Japan to lure tourists with casinos law

Japan’s ruling Liberal Democratic party plans to legalise casino gambling next year.

Seiko Noda, who heads an LDP study group that is drafting the legislation, said the target was to pass a bill by the end of the next ordinary Diet session in June 2008.

The ruling party hopes casinos will spur tourism, help revitalise local economies and increase tax revenues.

Opening up Japan to casinos is also likely to provide big opportunities for foreign operators, as few Japanese companies have the expertise necessary to develop the large-scale operations being envisioned.

Japan’s initiative to deregulate casinos comes as Macao outruns the Las Vegas Strip in casino revenues and Singapore prepares to open its first casino resorts to attract players and stimulate tourism.

Ms Noda said the proposal to open up casinos in Japan was part of a broader initiative to attract more foreigners. She said Japan would study the possibility of charging the local population an entrance fee – a measure adopted in Singapore–- to discourage visits by lower-income consumers.

Under a programme launched by the former prime minister Junichiro Koizumi, the government aims to boost annual foreign visitor numbers to 10m by 2010 from 7.3m last year.

This initiative comes as Japan faces a declining population and falling tax revenues. “If there were three Las Vegas-style casinos in Japan, it could bring in Y700bn [$5.8bn, €4.3bn, £2.9bn] in tax revenues. At the same time, there would be investment, and employment would increase,” Ms Noda said.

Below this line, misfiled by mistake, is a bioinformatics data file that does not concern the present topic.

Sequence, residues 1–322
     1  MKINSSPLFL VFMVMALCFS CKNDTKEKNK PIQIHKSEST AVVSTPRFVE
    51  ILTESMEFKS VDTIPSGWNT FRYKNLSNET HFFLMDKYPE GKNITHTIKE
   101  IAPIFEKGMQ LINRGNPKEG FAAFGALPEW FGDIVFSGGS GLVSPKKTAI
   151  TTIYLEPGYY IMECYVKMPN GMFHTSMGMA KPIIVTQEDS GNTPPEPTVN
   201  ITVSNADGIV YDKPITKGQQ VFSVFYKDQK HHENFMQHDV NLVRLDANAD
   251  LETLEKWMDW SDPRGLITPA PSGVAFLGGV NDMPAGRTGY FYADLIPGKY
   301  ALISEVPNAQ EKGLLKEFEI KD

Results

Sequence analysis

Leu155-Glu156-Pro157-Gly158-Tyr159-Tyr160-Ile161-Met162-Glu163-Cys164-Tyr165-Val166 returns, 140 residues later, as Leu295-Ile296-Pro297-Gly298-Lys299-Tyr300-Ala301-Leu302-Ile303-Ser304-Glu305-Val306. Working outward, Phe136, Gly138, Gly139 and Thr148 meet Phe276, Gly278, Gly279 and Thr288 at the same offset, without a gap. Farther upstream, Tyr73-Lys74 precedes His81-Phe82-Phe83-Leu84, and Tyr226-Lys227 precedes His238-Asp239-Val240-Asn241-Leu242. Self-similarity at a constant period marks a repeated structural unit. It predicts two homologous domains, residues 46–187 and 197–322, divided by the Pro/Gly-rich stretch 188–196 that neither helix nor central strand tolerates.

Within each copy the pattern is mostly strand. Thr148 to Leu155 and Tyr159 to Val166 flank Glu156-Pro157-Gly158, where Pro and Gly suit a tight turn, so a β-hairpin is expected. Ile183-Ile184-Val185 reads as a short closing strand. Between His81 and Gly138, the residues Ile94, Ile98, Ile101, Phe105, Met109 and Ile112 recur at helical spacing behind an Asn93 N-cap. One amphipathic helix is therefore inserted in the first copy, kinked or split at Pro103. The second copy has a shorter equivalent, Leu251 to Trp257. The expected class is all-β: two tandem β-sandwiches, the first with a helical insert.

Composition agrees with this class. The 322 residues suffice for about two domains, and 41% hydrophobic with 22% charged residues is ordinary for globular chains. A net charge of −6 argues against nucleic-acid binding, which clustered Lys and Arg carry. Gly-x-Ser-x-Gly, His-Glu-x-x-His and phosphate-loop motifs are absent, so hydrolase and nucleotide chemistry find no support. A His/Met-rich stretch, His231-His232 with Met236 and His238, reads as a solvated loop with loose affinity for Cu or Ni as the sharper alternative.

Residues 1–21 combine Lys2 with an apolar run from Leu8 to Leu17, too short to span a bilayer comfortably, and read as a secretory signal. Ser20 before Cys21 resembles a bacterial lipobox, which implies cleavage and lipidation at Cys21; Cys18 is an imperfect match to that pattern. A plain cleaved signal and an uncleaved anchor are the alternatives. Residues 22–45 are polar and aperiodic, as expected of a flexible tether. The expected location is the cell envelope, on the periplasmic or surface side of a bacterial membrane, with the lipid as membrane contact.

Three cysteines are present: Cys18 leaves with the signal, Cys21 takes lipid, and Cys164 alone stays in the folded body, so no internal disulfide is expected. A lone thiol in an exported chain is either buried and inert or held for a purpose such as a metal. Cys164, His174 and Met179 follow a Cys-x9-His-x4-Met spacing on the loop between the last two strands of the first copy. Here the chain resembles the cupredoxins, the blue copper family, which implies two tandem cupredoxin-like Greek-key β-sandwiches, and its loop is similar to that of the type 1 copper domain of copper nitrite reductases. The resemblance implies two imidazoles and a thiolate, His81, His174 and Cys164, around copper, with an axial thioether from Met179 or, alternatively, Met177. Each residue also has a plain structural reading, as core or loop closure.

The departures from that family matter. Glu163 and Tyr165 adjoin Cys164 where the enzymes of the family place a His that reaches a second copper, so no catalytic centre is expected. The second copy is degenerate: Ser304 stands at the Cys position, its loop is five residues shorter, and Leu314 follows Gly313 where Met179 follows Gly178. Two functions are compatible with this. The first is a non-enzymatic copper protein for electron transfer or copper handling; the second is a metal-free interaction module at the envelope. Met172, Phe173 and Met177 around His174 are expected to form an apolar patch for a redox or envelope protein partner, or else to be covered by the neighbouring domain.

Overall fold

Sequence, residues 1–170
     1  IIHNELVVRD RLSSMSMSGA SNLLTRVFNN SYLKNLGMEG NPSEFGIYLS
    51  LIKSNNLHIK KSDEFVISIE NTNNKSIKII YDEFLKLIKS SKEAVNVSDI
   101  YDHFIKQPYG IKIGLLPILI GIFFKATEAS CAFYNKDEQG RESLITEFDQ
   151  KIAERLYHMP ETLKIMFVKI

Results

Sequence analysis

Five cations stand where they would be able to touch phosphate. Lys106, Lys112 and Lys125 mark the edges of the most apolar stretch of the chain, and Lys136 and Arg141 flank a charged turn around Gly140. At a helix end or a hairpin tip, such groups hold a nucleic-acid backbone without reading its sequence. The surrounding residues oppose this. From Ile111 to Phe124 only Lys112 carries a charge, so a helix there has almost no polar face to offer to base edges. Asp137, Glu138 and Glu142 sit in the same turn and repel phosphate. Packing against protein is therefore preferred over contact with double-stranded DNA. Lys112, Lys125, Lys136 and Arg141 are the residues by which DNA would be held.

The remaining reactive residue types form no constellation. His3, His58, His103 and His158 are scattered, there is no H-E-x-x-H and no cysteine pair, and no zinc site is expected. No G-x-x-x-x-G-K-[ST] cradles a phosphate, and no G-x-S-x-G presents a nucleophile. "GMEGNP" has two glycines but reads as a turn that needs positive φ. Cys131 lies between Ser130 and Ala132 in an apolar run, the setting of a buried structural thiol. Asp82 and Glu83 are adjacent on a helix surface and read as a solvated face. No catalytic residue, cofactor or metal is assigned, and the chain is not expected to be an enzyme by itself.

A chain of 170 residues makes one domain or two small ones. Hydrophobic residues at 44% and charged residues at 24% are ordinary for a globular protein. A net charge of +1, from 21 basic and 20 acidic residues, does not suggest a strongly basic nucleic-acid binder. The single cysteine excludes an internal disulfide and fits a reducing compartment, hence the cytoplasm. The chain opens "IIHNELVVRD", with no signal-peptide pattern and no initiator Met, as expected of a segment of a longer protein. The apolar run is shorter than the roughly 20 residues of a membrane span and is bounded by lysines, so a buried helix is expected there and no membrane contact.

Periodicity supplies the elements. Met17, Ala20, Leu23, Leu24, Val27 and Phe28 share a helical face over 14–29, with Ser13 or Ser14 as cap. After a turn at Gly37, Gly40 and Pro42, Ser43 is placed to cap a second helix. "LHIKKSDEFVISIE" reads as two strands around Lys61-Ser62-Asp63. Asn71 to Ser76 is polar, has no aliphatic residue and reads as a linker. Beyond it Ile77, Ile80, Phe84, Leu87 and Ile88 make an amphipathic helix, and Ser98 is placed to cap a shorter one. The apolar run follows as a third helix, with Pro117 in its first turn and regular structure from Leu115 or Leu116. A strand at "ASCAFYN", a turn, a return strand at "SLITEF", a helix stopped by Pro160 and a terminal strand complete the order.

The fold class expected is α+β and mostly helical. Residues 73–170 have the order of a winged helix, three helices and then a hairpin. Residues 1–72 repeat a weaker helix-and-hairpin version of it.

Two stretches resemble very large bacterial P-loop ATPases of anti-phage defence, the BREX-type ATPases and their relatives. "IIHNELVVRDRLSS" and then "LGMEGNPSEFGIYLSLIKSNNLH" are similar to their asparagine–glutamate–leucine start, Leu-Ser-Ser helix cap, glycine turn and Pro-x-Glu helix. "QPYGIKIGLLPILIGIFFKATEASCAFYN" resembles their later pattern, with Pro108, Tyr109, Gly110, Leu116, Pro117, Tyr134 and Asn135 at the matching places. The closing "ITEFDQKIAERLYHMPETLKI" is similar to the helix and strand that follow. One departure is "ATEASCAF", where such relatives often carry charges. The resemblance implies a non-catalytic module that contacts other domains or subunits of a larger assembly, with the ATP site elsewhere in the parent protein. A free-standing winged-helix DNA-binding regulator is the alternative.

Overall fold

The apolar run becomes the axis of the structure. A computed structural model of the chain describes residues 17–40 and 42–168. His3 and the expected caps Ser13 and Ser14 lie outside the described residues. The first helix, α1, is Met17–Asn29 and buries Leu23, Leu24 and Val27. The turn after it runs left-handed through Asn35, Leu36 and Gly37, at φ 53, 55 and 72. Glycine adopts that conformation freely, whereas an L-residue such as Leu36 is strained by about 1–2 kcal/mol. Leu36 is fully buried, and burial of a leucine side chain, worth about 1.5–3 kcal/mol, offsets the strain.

In particular, casinos are seen as a way to revitalise local economies, which have not enjoyed the economic recovery seen recently in large urban centres.

Leading casino operators, including Las Vegas Sands and Genting of Malaysia, had told the LDP there was “tremendous potential, because Japan could attract interest from north China and Russia, where there has been huge [economic] growth”, she said.

“There is definitely enough demand for casinos,” says Aaron Fisher, analyst at CLSA in Tokyo.

Tokyo, in particular, has a large population within a two-hour radius earning a lot of money. “Definitely the returns [could be] huge,” he says.

The LDP’s plan still faces formidable obstacles, not least the negative image gambling has among the general public. Japan is the only advanced economy where casinos are illegal.

“There is a special situation in Japan, which is that there is a strong allergic reaction to gambling,” Ms Noda says.

Under the current LDP plan, casinos in Japan would be entertainment complexes combining a range of facilities such as theme parks, theatres, shops, restaurants and hotels – an approach also adopted by Singapore – to dispel gambling’s negative image.

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